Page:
WASHINGTON, D.C. – The U.S. Environmental Protection Agency (EPA) has released proposed changes to the guidance and allocation of the Indian Environmental General Assistance Program (GAP). GAP is EPA’s largest capacity building program for tribes. Enacted by Congress in 1992, GAP provides grants and technical assistance to tribes and intertribal consortia to plan, develop, and establish environmental protection programs and to implement solid and hazardous waste programs and service delivery activities. In FY2021, $66.25M was awarded to more than 525 grantees to address their environmental priorities.
“GAP is one of the primary resources EPA uses to support our government-to-government partnership with tribes,” said EPA Assistant Administrator Jane Nishida. “In the past 30 years, tribes have made tremendous progress in building tribal environmental program capacities with GAP, producing incredibly impactful and meaningful environmental outcomes.”
“GAP has assisted recipients across the nation to identify and address environmental priorities impacting their communities, homelands, and lifeways,” said JoAnn Chase, Director of American Indian Environmental Office.
The tribal consultation opportunity on proposed changes to the National GAP Allocation and GAP Guidance on the Award and Management of General Assistance Agreements for tribes and Intertribal Consortia began on Tuesday, Apr. 4, 2022, and will continue through Aug. 2, 2022. The draft changes reflect considerable input from tribal governments, including consultations on how to improve the administration of GAP and potential changes to the allocation methodology, numerous tribal engagements, and tribal participation in guidance revision workgroups. The draft changes advance our government-to-government partnership with tribes by providing greater flexibility, access, transparency and accountability in EPA’s funding and performance management approaches to GAP.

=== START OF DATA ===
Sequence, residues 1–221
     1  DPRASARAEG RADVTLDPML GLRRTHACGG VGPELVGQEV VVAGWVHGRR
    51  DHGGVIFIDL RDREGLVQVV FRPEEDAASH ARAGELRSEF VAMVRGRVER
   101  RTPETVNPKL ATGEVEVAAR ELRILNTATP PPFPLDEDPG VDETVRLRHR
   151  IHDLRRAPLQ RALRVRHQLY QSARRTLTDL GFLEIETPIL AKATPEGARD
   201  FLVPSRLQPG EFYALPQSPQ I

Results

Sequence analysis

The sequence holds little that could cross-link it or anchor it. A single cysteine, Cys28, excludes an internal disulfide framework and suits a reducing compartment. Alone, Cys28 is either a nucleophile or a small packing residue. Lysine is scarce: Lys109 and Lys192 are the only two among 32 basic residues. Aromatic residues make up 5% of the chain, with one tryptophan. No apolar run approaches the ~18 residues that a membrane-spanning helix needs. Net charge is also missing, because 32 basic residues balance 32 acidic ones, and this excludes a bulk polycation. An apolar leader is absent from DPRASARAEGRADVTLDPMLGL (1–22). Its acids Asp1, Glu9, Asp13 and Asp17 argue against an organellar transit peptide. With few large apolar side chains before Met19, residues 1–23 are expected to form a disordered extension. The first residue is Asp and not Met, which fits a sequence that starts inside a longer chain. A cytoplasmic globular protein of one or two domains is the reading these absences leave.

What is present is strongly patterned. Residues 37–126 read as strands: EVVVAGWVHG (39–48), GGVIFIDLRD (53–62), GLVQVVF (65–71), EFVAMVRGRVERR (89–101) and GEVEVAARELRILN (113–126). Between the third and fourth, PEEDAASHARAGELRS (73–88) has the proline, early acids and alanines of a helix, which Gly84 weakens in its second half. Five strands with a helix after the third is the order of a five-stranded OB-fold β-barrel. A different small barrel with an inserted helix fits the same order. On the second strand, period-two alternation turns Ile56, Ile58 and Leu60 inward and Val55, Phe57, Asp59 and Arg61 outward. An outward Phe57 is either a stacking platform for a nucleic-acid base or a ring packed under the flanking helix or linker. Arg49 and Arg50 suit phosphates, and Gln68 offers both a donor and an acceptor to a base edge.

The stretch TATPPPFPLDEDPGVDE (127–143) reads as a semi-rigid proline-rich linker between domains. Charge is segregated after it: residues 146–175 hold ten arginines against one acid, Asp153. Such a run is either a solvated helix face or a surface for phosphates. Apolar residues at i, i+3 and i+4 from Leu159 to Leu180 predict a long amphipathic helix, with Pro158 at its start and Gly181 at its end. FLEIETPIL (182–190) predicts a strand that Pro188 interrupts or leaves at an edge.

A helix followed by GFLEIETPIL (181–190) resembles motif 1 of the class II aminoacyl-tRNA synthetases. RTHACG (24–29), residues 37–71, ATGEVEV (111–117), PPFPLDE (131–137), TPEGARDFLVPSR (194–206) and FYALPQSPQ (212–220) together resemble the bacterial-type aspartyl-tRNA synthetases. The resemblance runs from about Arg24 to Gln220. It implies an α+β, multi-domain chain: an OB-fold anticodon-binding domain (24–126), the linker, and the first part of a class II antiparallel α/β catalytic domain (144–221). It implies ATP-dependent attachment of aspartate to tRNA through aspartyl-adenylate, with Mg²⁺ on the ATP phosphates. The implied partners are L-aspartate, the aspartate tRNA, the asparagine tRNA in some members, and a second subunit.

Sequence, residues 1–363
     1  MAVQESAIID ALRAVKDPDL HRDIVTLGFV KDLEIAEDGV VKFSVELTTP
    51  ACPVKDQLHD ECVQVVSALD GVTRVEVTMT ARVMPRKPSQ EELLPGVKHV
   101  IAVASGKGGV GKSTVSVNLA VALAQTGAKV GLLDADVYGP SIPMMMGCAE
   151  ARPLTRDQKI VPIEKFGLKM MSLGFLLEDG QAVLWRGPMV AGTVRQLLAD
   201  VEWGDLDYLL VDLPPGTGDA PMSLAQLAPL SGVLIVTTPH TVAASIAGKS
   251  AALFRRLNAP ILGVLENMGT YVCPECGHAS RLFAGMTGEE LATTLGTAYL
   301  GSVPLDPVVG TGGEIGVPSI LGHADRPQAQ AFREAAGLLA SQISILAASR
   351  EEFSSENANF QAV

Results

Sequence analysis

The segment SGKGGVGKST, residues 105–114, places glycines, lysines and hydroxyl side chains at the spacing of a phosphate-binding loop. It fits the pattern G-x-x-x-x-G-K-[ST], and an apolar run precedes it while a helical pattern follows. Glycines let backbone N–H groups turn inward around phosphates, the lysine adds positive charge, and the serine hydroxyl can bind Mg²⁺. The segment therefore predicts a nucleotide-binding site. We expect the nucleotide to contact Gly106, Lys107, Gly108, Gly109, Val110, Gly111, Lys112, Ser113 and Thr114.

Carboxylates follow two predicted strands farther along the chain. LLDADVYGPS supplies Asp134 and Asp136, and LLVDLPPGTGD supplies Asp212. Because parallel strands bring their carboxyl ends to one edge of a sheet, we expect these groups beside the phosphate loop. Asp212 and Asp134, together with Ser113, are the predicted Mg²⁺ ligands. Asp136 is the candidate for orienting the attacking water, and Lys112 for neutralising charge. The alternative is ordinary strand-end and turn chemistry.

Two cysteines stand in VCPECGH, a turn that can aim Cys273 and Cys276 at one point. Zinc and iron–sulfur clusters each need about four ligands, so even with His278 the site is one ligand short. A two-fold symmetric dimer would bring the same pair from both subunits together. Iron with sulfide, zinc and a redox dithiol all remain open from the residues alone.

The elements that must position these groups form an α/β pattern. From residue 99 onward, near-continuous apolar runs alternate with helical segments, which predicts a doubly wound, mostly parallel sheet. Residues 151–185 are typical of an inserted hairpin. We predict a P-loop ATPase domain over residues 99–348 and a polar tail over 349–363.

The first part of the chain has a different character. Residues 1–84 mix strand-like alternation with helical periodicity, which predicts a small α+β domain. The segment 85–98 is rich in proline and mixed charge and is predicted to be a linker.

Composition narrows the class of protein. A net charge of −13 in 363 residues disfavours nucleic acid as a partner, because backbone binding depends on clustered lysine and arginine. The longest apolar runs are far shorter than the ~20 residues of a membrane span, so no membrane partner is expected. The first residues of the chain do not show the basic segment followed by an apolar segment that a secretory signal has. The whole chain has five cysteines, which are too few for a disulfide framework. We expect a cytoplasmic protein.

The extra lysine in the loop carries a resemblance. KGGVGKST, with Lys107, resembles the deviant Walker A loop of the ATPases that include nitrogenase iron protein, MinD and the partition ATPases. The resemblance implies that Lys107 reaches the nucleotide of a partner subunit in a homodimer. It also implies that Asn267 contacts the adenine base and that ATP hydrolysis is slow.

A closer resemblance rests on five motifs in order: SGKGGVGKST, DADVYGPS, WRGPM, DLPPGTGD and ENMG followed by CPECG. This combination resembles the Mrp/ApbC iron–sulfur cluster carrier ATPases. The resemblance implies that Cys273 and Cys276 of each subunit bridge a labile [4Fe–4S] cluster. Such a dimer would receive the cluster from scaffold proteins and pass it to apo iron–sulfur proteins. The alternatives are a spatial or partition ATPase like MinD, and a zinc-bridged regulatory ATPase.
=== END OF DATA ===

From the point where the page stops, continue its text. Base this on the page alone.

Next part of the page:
Throughout the year, the EPA’s American Indian Environmental Office (AIEO) is recognizing the 30th Anniversary of GAP by highlighting the successes of tribes and the environmental improvements in their communities. Tribes have used GAP for a broad range of capacity building and solid and hazardous waste implementation activities, including assessment of environmental conditions and strategies to combat air, water, and land pollution, conducting public education and outreach to prepare and inform communities to participate in environmental decision-making, developing codes and ordinances, and training of tribal government inspectors to conduct compliance monitoring activities.
Additionally, GAP has helped tribes receive 97 program delegations to date to administer programs relevant to the Clean Water Act, Safe Drinking Water Act, and the Clean Air Act, and has supported the development of nearly 300 Integrated Waste Management Plans for implementing tribal waste management programs.
Projects stemming from this tribal grant opportunity will help achieve the goals of President Biden’s Justice40 initiative, which aims to ensure that federal agencies deliver at least 40 percent of benefits from certain investments to underserved communities.